Magazine article Clinical Psychiatry News

Future of Psychiatry May Depend on Integrated Care

Magazine article Clinical Psychiatry News

Future of Psychiatry May Depend on Integrated Care

Article excerpt

EXPERT ANALYSIS AT THE AMERICAN COLLEGE OF PSYCHIATRISTS MEETING

SAN ANTONIO -- Questions about how health care reform will affect the practice of medicine are nothing new, but there is particular uncertainty for the field of psychiatry, according to the president-elect of the American Psychiatric Association.

One reason for the uncertainty is that payment streams for psychiatric and substance use care are distinctive and poorly understood, and the scope of the relative sectors--including public, commercial, state, and self-pay--are unique in the field of psychiatry, Dr. Paul Summergrad explained at the annual meeting of the American College of Psychiatrists.

According to a 2011 article in the New England Journal of Medicine, the greatest percentages of U.S. medical spending overall were from "private insurance" and "Medicare, out-of-pocket, and other private spending" (37% and 35%, respectively), but for mental health, Medicaid spending exceeded both of these (28% vs. 27% and 22%, respectively), and "other state and local spending" was also higher (18% vs. 6% for medicine overall).

For substance abuse, other state and local spending dominated at 36%, followed by Medicaid spending at 21% (N. Engl. J. Med. 2011;365:973-5).

"If you look at the total dollars that come into our world, they look different from the outset than they do for anyone else in medicine," Dr. Summergrad said, noting that patients with substance abuse, for example, fall mainly outside of the commercial insurance system. Also, within Medicaid the largest payer, the percentage spent on mental health services is about three times higher than for commercial insurance.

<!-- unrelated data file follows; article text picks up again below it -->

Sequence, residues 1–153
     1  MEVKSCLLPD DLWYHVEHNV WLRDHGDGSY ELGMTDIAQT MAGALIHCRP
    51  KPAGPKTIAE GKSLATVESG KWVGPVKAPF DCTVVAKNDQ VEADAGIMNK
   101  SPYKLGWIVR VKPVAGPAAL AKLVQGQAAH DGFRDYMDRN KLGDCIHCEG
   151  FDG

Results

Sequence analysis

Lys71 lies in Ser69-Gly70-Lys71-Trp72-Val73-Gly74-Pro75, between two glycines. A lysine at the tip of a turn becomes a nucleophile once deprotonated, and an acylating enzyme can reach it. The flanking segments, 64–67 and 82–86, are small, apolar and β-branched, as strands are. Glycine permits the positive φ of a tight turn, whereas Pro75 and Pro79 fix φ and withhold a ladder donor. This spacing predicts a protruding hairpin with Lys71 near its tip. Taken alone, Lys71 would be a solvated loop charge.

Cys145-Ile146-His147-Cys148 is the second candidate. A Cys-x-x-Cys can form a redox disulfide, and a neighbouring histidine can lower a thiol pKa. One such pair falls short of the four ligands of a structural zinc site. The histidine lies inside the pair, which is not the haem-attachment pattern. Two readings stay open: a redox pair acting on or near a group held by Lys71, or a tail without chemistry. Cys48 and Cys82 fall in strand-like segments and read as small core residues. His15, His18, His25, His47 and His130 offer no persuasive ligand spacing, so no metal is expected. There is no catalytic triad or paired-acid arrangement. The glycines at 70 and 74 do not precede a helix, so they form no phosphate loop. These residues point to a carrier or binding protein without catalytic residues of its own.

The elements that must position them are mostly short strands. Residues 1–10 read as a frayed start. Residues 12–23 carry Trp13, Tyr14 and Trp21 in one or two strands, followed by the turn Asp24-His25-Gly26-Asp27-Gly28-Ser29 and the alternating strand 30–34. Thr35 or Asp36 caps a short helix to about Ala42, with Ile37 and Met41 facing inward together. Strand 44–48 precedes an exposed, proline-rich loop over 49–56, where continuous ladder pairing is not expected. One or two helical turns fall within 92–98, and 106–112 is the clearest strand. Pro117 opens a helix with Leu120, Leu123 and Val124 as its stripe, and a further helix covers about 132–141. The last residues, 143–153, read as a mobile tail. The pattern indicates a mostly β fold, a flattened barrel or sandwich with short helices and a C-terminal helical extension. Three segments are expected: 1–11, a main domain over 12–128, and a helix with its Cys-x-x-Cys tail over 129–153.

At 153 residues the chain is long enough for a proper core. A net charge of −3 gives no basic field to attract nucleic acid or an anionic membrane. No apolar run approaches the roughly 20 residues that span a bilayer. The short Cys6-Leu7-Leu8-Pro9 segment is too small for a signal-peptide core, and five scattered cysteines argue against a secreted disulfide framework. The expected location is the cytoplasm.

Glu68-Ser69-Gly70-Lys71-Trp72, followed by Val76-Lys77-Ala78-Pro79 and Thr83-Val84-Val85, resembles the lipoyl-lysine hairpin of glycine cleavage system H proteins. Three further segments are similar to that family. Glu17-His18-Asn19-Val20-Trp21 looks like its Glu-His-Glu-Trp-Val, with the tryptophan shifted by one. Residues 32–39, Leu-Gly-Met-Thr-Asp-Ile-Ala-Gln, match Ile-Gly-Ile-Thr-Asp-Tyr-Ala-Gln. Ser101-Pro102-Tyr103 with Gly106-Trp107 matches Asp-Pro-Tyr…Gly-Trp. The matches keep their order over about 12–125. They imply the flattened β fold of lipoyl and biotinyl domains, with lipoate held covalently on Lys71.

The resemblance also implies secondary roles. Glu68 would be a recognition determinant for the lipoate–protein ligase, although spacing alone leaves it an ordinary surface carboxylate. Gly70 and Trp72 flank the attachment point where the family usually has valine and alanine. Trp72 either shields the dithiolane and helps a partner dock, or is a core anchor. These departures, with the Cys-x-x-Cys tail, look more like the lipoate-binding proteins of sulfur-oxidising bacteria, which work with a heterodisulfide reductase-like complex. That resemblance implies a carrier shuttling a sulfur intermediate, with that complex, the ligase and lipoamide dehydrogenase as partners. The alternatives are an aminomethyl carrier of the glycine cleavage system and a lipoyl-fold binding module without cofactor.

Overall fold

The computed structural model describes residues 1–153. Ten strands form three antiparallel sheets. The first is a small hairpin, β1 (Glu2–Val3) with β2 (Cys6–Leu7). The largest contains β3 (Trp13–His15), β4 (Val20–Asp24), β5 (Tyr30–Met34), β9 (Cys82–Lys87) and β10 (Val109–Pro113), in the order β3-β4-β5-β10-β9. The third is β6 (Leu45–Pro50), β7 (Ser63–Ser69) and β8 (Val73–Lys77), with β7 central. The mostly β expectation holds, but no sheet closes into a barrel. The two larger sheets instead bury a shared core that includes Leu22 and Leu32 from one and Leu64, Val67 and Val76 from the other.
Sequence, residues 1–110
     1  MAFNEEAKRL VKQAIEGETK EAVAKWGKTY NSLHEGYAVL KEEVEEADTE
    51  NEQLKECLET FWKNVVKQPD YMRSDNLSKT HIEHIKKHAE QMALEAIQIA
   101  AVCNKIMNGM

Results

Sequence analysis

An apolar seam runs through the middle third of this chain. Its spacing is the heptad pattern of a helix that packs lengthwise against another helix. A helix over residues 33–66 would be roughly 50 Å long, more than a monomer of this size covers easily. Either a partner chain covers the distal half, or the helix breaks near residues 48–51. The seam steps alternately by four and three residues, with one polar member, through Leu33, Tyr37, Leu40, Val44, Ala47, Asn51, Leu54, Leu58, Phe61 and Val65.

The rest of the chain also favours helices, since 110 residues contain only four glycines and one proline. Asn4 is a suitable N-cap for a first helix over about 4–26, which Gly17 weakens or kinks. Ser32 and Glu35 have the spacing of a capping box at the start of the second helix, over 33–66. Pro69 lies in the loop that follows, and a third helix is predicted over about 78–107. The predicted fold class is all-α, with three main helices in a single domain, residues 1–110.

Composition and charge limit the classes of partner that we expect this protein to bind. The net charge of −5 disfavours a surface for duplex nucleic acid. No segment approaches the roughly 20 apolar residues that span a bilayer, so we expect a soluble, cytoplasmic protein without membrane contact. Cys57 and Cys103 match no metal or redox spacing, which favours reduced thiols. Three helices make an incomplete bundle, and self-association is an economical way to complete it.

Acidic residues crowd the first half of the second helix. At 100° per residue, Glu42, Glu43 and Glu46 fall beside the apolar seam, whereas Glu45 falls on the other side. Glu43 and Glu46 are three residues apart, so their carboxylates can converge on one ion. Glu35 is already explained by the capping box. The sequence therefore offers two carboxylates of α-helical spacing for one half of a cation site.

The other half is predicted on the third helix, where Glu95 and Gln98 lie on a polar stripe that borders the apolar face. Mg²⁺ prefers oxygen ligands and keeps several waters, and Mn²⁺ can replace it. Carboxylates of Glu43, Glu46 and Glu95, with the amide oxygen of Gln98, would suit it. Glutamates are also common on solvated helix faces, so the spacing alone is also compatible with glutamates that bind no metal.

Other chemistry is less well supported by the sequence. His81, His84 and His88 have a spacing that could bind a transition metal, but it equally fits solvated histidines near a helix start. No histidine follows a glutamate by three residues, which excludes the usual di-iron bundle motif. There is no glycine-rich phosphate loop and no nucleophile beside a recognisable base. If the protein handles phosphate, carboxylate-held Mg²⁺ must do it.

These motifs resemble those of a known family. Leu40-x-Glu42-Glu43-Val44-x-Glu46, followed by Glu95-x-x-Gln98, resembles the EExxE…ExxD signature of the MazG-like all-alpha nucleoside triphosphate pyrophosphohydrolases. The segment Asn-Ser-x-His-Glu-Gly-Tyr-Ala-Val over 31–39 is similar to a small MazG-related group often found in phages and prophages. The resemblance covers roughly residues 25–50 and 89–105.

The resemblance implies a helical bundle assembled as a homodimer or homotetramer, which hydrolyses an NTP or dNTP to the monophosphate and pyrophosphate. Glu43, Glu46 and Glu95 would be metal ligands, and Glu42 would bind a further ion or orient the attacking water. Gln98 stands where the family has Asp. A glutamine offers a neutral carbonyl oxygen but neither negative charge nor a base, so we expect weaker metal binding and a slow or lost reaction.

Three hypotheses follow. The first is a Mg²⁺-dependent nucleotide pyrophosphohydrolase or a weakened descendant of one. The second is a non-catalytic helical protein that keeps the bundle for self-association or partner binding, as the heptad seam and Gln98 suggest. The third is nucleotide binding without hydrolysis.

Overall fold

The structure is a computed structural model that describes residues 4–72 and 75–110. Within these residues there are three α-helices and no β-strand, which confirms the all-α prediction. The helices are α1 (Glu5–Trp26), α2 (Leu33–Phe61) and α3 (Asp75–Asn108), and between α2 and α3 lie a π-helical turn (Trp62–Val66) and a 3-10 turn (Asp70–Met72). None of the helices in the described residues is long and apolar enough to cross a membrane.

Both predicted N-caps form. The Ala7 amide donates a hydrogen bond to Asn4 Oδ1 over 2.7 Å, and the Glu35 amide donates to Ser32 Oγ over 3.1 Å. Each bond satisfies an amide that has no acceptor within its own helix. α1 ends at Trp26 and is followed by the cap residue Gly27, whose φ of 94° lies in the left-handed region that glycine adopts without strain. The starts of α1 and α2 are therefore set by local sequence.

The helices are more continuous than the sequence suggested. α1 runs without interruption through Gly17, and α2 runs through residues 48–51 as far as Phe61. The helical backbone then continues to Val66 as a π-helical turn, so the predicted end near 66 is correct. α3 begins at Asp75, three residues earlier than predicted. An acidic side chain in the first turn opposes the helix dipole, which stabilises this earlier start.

The impact of the Affordable Care Act through mandated parity rules for coverage of mental health and substance abuse services could provide for tremendous expansion of services within the insurance realm, he said.

Another reason for the uncertainty is a lack of understanding about the substantial extent and effects of medical and psychiatric comorbidities on the total cost of medical care, and the fact that most ambulatory psychiatric care is provided by physicians other than psychiatrists, said Dr. Summergrad, Dr. Frances S. Arkin Professor and chairman of psychiatry at Tufts Medical Center in Boston.

"This is both a challenge and an opportunity; it's an opportunity to really improve the care of the patients, and not just individuals who have severe psychiatric illness," he said, noting that those improvements could come not only in terms of the quality of care, but in terms of the cost-effectiveness of care a factor that could benefit both patients and the care system, including psychiatrists. …

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